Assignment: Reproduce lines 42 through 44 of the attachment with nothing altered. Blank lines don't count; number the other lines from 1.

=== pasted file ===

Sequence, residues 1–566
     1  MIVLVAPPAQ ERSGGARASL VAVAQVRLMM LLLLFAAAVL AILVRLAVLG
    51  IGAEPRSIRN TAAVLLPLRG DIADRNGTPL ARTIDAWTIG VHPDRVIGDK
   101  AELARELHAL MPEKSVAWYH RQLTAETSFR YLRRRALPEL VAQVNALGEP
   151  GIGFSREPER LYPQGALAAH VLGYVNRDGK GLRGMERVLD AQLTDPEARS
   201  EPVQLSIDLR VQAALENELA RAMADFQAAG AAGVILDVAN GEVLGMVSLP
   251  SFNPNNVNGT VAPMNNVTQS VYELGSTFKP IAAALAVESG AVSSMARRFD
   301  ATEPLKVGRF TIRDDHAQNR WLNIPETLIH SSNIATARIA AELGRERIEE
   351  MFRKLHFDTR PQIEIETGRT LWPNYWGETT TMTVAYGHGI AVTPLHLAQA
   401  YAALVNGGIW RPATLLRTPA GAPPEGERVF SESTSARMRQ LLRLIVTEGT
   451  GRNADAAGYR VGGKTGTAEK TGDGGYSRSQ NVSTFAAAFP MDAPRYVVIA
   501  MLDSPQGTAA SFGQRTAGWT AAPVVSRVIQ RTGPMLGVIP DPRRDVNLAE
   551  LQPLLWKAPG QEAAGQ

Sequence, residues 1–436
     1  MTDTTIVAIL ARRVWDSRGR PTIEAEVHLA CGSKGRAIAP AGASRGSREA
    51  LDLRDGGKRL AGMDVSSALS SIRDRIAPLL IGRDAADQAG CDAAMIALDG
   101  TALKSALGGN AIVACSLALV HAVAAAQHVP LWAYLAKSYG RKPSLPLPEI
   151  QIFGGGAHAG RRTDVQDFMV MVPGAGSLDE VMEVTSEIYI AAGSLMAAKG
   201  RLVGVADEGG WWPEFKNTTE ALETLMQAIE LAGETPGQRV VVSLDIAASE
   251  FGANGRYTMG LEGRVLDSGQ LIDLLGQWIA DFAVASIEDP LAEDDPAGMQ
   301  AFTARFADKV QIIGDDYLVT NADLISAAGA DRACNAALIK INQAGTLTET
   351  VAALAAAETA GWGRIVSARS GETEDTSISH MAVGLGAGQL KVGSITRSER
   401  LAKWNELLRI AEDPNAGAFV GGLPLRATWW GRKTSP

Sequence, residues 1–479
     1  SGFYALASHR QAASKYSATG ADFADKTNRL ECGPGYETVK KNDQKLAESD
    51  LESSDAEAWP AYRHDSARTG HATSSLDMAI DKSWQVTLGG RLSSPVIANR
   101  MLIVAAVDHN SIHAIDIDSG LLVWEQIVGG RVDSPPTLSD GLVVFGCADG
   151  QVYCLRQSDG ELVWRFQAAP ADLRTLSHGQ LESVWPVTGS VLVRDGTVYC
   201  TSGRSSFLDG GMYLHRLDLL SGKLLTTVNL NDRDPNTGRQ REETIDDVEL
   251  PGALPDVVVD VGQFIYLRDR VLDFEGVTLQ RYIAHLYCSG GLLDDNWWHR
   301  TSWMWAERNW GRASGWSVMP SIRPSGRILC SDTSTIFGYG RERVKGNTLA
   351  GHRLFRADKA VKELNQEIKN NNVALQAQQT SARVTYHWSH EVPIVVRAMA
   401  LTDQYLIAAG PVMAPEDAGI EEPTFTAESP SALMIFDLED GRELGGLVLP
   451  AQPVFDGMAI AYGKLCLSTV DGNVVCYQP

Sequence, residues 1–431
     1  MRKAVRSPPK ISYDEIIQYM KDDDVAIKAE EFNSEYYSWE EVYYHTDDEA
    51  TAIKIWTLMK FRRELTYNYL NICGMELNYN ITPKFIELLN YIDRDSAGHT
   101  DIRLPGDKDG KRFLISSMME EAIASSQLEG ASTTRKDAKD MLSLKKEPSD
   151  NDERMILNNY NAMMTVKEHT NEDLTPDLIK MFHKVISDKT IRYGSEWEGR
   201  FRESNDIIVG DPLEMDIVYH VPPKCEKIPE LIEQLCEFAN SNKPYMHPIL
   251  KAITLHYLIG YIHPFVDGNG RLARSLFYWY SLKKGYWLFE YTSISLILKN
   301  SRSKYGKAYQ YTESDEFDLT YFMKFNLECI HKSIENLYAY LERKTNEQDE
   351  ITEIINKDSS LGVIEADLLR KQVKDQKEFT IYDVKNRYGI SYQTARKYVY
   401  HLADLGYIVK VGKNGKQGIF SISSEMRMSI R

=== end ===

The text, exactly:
   301  SRSKYGKAYQ YTESDEFDLT YFMKFNLECI HKSIENLYAY LERKTNEQDE
   351  ITEIINKDSS LGVIEADLLR KQVKDQKEFT IYDVKNRYGI SYQTARKYVY
   401  HLADLGYIVK VGKNGKQGIF SISSEMRMSI R